* Method of order
* Interest cost from carrying receivables and inventory

Case Questions:

1. What are the services rendered by the distributor to manufacturers and hospitals? * O&M purchases materials from the manufacturers and sells them to hospitals. * Under cost plus system, rates are negotiated between the manufacturer and the customer, and the distributor manages those contracted rates (and adds % to the cost)

* How has the nature of distribution changed over time?
* Because of a focus on cost reduction within hospitals, customers are now demanding JIT and/or stockless. By having materials delivered on an as-needed basis, they are able to reduce their inventory costs * Distribution has shifted to supplying large buying groups, as opposed to individual hospitals; this combined purchasing power enables them to get best possible prices by forcing manufacturers and distributors to reduce their margins

* What is the value-added by O&M
* O&M is able to meet the needs of customers looking for JIT and/or stockless * O&M is willing to own and manage the inventory; they are responsible for all returns, etc., and run the risk of outdated/obsolete goods * O&M is not limited to selling one brand (i.e. self-produced products) *

2. Evaluate the impact cost-plus pricing has on distributors, customers, and suppliers. * For distributors, they face higher operating costs (in 1995 was 7.6% of sales), and huge inventory carrying costs. In 1995, quick assets ratio for O&M was 1.02. Interest expenses steadily climbing as a result of large inventories. * For customers, simplifies the budgeting process by knowing exact costing for products

* For suppliers, is there an impact???

3. What effect will ABP have on customer behavior?
The goal with ABP is to provide incentive for customers to change their purchasing habits. By providing financial incentive to encourage a change in behavior (in this case, reduce the number of orders and reduce the number of line items), the control of cost savings is in the hands of the consumer.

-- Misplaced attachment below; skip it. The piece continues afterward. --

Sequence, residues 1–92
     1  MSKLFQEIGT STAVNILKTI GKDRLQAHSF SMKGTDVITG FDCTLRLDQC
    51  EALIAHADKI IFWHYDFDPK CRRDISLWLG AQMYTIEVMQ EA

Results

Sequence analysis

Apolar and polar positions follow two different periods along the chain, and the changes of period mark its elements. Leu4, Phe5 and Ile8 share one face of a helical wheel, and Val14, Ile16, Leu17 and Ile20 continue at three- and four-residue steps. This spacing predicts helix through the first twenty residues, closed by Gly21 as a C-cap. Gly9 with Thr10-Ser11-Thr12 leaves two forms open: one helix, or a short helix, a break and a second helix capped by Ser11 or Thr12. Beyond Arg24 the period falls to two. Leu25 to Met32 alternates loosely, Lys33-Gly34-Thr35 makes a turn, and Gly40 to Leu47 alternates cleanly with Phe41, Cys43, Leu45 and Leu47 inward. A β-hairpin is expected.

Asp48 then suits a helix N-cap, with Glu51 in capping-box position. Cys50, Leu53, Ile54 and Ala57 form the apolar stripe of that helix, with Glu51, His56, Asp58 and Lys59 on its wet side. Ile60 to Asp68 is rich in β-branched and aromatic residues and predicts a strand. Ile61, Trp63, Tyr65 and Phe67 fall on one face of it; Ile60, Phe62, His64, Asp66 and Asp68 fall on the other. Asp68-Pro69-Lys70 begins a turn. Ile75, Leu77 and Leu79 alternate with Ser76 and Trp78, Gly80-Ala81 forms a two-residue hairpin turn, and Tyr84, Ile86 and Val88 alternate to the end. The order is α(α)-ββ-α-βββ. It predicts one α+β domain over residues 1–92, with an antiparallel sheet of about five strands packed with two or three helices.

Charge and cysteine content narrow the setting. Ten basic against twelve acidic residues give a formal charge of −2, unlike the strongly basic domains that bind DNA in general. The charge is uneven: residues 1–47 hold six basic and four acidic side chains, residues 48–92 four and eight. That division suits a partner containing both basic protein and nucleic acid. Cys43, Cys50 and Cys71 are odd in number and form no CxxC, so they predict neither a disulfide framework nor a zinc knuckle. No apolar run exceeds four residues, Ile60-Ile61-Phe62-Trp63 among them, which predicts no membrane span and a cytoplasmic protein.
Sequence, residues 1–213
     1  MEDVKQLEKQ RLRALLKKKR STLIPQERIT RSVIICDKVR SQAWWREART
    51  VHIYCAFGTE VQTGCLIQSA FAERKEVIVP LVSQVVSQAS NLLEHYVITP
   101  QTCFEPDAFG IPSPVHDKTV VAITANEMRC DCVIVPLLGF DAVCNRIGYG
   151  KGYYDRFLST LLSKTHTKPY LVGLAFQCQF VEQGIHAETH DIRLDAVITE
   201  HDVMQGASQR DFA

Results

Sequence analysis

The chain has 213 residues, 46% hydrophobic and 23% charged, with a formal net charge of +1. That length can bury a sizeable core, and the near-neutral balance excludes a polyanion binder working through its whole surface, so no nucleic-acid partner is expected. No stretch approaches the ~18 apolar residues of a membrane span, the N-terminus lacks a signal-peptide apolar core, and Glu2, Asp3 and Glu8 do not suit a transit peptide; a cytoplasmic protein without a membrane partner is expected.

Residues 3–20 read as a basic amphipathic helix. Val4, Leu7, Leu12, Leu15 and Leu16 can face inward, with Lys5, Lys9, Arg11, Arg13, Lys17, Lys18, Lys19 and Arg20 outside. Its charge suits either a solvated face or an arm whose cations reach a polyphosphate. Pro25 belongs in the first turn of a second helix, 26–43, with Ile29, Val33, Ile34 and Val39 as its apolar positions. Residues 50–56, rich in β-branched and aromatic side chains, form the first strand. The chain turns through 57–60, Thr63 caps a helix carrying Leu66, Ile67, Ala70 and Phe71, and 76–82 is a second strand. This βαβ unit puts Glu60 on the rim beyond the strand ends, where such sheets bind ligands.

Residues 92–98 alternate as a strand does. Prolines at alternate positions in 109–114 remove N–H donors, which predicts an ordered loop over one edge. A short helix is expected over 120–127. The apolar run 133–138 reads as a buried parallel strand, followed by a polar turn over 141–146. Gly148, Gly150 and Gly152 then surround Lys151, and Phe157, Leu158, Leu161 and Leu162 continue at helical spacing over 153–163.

4. Explain Exhibit 5. How does the pricing matrix work?
The fewer the number of lines and the fewer number of orders would reduce the cost to the consumer (as this is then lowering the fixed and variable costs to O&M).

* How do the costs in Exhibit 5 correspond to the costs shown in the customer profitability statement in Exhibit 4? The number of orders impacts the Total Order Cost (all costs under order cost are impacted by an increase in the number of orders placed). (??page 10 says the admin costs are fixed??)

The costs of Picking are tied to the number of lines; the fewer the lines, the lower the cost).

* Why doesn’t the matrix comprise all the costs shown in Exhibit 4? They have focused on those areas with the highest cost, and therefore are those that have the greatest impact to reducing overall operating expenses and increasing margins.

5. What are the obstacles to successful implementation of ABP at Ideal? * Ideal’s budgets currently have product prices with distributor fees built in, so they would need to modify their entire budgeting system * Internally they also use cost-plus for transfer prices; they will now have to implement ABC throughout internally to be able to appropriately charge departments. * Internal changes are required: how staff purchase, store, and use supplies; as well have to identify how to eliminated fixed costs *

6. What type of customers will adopt ABP first?
* Companies that need to reduce costs
* Flexible systems to easily allow for changes in system, such as price changes in budget, staffing, etc. * Smaller companies that are not part of the larger networks and therefore don’t already have the buying power to demand reduced costs *

7. How difficult or easy is it for O&M’s rivals to adopt ABP * Probably tougher as most of the competitors have several business lines, whereas O&M only has the one business line (medical & surgical supplies)

8. What are the risks associated with ABP for O&M?
* Is there really a necessity for the larger clients like Ideal to switch; they can already demand the lowest prices while ensuring their other costs (e.g. inventory, labor, etc.) are minimized.

Free Owens and Minor Essay Sample


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  • University/College: University of Chicago

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  • Date: 1 October 2016